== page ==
Thursday, July 15, 2010

Sparse problems in NP thought to not be in P

(This post is similar to this old post. I am posting this anyway since when I first posted I made fundamental mistake. I fixed it the point I was trying to make get lost.)

About once a semester I get asked
What are the natural problems that are in NP, not known to be in P, and not known to be NPC? What is known about them?
And I give the standard answers:
  1. Graph Isomorphism. If its NPC then PH collapses so it is though to NOT be NPC. There is no real consensus about its status with respect to P.
  2. Factoring. If its NPC then NP=coNP so it is thought to NOT be NPC. Most people think that it is NOT in P since people really want to solve this one and have not been able to. This is not a rigorous argument. Factoring is in QP. If quantum computers are ever practical then we may need to rethink how we think about these things.
  3. Discrete Log. Actually, are there reasons to think this is NOT NPC?
The answer above are standard and I suspect most of my readers know them. However, there is a large source of problems that are in NP, likely not NPC, likely not in P, that people don't seem to talk about much: SPARSE PROBLEMS that are thought to be hard. The ones I know about are from Ramsey Theory. I give one example but there are many like it:

{(1n,1m,c) : the n×m grid can be c-colored and not have any mono squares}

  1. This is clearly in NP since the coloring itself is the witness.
  2. Since this is a sparse set it is not NPC unless P=NP. (Actually it can be coded as a tally set.)
  3. I want to say People think this is hard. You may ask Name Three of Them! Indeed, the number of people who work on Computational Ramsey Theory is fairly small. However, Ramsey Theory itself has many people working on it and nobody has anything close to a result indicating that this problem is in P. I personally think that it is hard.
  4. For a fixed c there is a finite number of grids G1,...,Gp such that the n×m grid is c-colorable iff none of G1,...,Gp can fit inside the n×m grid. Hence, for fixed c, the problem is in P. (So the problem is Fixed Parameter Tractable.)
  5. Everything said above holds if you replace squares with rectangles or other configurations in the above.
  1. Are there other sparse problems in NP that we think are NOT in P? (that is, ones that DO NOT come from Ramsey Theory).
  2. Should we be teaching these in our complexity classes as examples of possible intermediary problems? The proof that they are likely not NPC is easy. However, to argue that these problems are likely not in P is hard. Also, these problems may appear unnatural to some students. (They may appear unnatural to some of my readers.)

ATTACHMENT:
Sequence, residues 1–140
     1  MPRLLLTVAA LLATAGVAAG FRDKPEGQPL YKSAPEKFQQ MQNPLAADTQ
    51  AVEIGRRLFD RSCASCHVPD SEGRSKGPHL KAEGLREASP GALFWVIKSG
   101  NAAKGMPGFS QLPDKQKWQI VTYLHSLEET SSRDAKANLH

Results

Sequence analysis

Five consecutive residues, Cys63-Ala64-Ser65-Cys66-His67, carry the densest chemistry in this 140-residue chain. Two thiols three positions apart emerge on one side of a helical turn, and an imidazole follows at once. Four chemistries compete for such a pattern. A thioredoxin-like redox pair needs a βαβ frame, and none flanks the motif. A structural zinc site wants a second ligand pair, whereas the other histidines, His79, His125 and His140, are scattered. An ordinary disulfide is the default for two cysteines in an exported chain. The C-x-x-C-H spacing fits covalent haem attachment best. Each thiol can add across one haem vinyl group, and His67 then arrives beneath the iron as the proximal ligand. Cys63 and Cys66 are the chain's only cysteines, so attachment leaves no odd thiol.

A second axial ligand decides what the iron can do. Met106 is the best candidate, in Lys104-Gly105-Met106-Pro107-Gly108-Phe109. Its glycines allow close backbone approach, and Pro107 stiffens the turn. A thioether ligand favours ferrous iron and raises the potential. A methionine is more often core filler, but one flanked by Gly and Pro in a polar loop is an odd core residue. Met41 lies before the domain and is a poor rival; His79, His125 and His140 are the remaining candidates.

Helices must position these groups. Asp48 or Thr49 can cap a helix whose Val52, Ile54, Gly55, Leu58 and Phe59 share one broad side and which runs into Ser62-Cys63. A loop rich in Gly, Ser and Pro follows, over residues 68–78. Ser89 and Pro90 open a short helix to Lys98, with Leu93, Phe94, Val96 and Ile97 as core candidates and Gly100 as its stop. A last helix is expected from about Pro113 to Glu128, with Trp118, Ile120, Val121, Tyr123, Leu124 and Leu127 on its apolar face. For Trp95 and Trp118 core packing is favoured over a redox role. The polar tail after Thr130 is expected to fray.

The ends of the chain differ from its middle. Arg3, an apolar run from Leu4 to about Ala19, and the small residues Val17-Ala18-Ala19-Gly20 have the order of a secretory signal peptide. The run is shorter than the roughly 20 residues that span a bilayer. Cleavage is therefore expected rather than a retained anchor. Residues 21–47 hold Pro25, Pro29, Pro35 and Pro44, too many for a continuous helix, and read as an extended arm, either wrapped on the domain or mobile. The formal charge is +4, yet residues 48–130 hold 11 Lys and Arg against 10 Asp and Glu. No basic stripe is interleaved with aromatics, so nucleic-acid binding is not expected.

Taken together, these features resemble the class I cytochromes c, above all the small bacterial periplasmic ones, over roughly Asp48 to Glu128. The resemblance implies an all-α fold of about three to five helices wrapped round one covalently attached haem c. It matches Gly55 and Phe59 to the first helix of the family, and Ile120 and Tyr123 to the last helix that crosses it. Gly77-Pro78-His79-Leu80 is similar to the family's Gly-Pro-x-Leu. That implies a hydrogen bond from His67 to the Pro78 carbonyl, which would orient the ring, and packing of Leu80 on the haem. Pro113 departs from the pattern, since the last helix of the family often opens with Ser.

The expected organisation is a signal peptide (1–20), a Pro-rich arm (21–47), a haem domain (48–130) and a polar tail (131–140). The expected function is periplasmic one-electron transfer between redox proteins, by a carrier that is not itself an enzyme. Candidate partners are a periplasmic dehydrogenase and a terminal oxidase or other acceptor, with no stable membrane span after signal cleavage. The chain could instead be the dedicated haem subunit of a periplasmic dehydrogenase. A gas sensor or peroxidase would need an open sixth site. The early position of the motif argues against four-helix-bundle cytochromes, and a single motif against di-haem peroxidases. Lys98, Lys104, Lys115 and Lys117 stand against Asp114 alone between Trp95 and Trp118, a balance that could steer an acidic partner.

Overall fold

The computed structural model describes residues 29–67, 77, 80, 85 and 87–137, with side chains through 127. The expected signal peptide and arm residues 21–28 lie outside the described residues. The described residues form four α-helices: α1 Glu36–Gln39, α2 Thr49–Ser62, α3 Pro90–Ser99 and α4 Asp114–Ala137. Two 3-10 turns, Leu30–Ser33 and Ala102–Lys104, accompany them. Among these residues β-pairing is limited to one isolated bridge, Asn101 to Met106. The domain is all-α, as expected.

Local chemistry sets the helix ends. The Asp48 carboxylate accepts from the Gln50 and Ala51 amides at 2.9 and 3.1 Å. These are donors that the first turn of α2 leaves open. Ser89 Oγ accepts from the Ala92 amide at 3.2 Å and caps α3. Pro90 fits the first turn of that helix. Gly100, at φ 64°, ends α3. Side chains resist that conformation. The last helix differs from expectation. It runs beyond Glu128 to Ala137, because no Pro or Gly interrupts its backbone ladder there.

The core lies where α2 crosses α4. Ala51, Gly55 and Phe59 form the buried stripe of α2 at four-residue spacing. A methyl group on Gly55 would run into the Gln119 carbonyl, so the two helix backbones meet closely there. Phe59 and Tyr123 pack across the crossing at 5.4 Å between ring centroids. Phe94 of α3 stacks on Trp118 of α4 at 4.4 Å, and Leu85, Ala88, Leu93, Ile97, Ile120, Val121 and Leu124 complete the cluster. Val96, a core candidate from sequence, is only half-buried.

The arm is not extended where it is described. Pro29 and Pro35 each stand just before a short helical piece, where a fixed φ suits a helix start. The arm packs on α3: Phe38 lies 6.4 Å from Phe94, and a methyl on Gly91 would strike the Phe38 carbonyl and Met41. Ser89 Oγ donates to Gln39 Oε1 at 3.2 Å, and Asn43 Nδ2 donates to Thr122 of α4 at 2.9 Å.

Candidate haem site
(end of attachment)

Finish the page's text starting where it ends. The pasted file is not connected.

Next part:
3. It is easy to argue that Factoring is probably not in P since you can point to the fact that people REALLY want to solve it quickly and so far have not. This is not a rigorous argument but I do count it as evidence. Is there a similar argument for GI? Is there a similar argument for my Ramsey Problems?
  4. Is there a mathematical reason to think that Factoring, GI, or my Ramsey Problems are not in P?


  1. Let me ask a silly question: Mahaney Theorem says "if a sparse set is NP-complete, then P=NP". Is there anything known about "if a sparse set is not in P, then ???" ?

  2. How about the padded version of any natural NEXP-complete set? But maybe padded versions of natural languages no longer count as natural?

  3. @Lance: whoops. Just saw your comment.

  4. Hartmanis-Immerman-Sewelson (1985): There are no sparse sets in NP-P iff E=NE (reference)

  5. > Discrete Log. Actually, are there reasons to think this is NOT NPC?

    What is the decision version of your DLOG problem? Let's consider this version: Given a prime p, a generator g of (Z/pZ)^* and two numbers a and b in {1,...,p-1}, is the unique i such that a = g^i mod p smaller than b? An oracle to this problem lets you find discrete logs by binary search.

    This problem is clearly in NP and is also in co-NP because if the unique such i is not smaller than b then you can guess it and verify it.

    If you are worried about the promise in the input that g is a generator of (Z/pZ)^*, please note that this promise can also be checked in NP \cap co-NP: for a certificate that g is a generator guess the factorization of p-1 and check that g^{(p-1)/q} \not= 1 mod p for every prime factor q of p-1, and for a certificate that g is not a generator guess some i < p-1 such that g^i \not= 1 mod p.

  6. B.--there are plenty of sparse sets provably not in P. For instance, a random subset of 1^*, the all-ones strings.

  7. Forgive me if this is to far off track- but this discussion brings to mind a problem that has disturbed me for a while. It is not quite sparse, but it feels similar in that it has very little expressive power (there for it is hard to use it as a target of a reduction). Given: a set of linear inequalities and a set of points- do they represent the same convex set? Anyone know the state of this problem? The problem has a easy co-structure (just show one of the vertices violates an inequality or exhibit a new feasible point not in the convex hull of the vertices) but I don't know of prove the affirmative method.

  8. Discrete Log sits in BQP (and in NP \intersect co-NP as explained above), so all the Factoring arguments apply to dlog as well.

  9. @John: I am not totally sure but maybe the answer to your question can be deduced from

  10. To me, the people who desperately want to factor, don't come into the equation at all. They are practical people and would be satisfied by an exponential algorithm provided the runtime was still fast enough (tiny coefficient in front of a barely-bigger-than-1-base exponent) to easily crack RSA. And conversely they'd be displeased with a polynomial-time algorithm if the degree of the polynomial was 5000 digits. So there's very little real relation...